The next morning I could see the house and surrounding with better light conditions. The house is located on a hill at the border of a forest. Looking out over the valley. I loved the setting of this house.
I heard the mother working in the kitchen and my nose could smell some superb smells. Not much later I was invited to take a seat and food was served. There was a fresh salad, cheese and fish. I loved the fish. The father caught them the day before.
When we finished our breakfast and drank some homemade chacha, it was time to get to know my attackers of last evening a little better.
The biggest dog, Botora, was still not fond of me. Dogs can be unpredictable so I kept a safe distance of this one.
Fortunately, the black dog, Beki, wasn’t aggressive – although he attacked me last night as well – so I accepted his presence and even became good friends!
When we were out there with the dog, I saw the opportunity to ask for a family photo as well.
They told me they would bring me back to the main street with their car. A big relieve to me, since I didn’t knew exactly where I finally ended up last night. One on the main street they returned and I started hitchhiking. Only a few cars had passed when a Mercedes stopped already. He took me halfway closer to Sighnaghi. A few minutes later I was again picked up by another Mercedes who brought me to the intersection for Sighnaghi. It’s about 45km from Sagarejo to the intersection and 15km more from the intersection to Sighnaghi.
Almost at the end there is a nice view from the road on the city. As you can see on the photo below, Sighnaghi is located at the border of a small plateau with views over the valley.
As soon as you enter the city, you can see that it has recently undergone a fundamental reconstruction. It became an important center of Georgia’s tourist industry.
Like always, I try to avoid to most obvious street. Instead I took a small street that goes around the center. Where most of the houses weren’t renovated yet. Some of these were for sale, so it’s only a matter of time before this street will loose its authentic look as well.
In this street, I met two women. They didn’t look that friendly at me. They probably thought I’m another default tourist. I greeted them with the help of some Georgian words in my little notebook. That’s how you can brake the ice with the people. Learn some words of there language and it’ll be easier to get close to the people. I managed to get her laughing and I was allowed to take a photo. Although she didn’t understand what was worth photographing, she was happy to see her photo on my screen.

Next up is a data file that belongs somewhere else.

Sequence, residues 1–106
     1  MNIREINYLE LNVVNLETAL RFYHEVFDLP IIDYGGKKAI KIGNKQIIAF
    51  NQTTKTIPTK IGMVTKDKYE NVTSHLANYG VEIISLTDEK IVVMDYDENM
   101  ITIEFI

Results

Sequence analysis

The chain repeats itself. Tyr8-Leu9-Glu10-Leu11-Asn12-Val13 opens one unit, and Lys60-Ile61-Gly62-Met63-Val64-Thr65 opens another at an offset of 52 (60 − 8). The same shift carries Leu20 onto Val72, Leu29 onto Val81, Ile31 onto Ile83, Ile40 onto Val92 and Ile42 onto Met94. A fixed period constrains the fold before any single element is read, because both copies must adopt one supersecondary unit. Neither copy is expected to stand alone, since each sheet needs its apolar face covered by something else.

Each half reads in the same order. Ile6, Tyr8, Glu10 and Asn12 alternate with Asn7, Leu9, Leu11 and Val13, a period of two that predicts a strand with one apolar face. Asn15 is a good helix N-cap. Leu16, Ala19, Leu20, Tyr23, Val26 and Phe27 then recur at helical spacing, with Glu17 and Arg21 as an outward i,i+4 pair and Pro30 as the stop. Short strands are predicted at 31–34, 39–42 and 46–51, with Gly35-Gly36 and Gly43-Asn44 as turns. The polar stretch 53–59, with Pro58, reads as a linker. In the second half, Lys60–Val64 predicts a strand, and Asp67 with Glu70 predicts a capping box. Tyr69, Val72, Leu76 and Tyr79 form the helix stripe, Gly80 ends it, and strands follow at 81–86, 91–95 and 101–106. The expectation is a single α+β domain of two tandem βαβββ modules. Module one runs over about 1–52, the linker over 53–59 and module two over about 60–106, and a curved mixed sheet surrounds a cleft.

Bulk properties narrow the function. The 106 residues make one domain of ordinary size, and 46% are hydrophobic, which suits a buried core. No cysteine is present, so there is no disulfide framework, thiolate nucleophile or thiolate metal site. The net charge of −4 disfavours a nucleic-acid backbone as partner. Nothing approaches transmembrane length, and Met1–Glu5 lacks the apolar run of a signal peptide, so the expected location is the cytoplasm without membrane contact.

One part of the city is completely surrounded by a big wall. I decided to walk in that direction and found a narrow alley with stairs taking me to the Tsminda Giorgi Church.
About 200m further, I followed a little sign ‘Tourist route’. This route goes of the main street. Climbs up for about 50m where it first looks like it’s a dead end. Surprisingly, some old wooden stairs behind the corner bring you on top of the fortified walls. I think it’s possible to make the complete circular walk over the walls, but I went only to the cafe/restaurant reached after 200m walking over the wall.
I enjoyed the view from the cafe together with two other travelers from Switzerland. Even if it was only my second day, it was good to have some people to talk too.
I took the main road back trough the city center – where I met 3 other Belgian travelers – and out the city. Once out the city I hitchhiked all the way to Telavi. It didn’t took me long to find a first ride. Unfortunately, it took me two hours to get a second ride. I thought I had a direct ride this time but I was dropped in Gurjaani. Luckily, I immediately found a last ride to Telavi.
Before I left to Georgia, I searched for someone on Couchsurfing who I could contact in case something goes wrong with me in Georgia and I would need a translator. I found Teo. She lives in Telavi and agreed to help me during my trip. It turned out I found the best contact person available 🙂
She agreed to meet me tonight in Telavi and arranged me a home-stay at one of her neighbors as well.
When I dropped my backpack in my room at the home-stay and had a shower, I went to meet Teo. We went for a late night city walk. People don’t hangout in bars here. They hang out on the street and in the park. It’s very charming to see the little carousels and other play tools for the kids.
When walking to the park, I was able to catch this last photograph of the day. A little boy buying popcorn from outside the car window. You can see his happiness on his face.
Teo also arranged one of her friends would pick me up the next day and bring me all the way to Omalo. The center village in the Tusheti region. A very isolated region in the Southern Caucasus. A drive that will take five hours.
I couldn’t believe I would really go to the mountains of Tusheti. Back home I was dreaming about this place, but thought I would never be able to reach it. Tomorrow I will be somewhere in Tusheti!